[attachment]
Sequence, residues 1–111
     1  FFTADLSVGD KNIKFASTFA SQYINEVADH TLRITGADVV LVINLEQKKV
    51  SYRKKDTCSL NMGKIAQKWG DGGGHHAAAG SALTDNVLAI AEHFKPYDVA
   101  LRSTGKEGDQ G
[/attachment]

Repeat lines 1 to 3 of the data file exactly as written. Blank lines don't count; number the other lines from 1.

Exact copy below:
Sequence, residues 1–111
     1  FFTADLSVGD KNIKFASTFA SQYINEVADH TLRITGADVV LVINLEQKKV
    51  SYRKKDTCSL NMGKIAQKWG DGGGHHAAAG SALTDNVLAI AEHFKPYDVA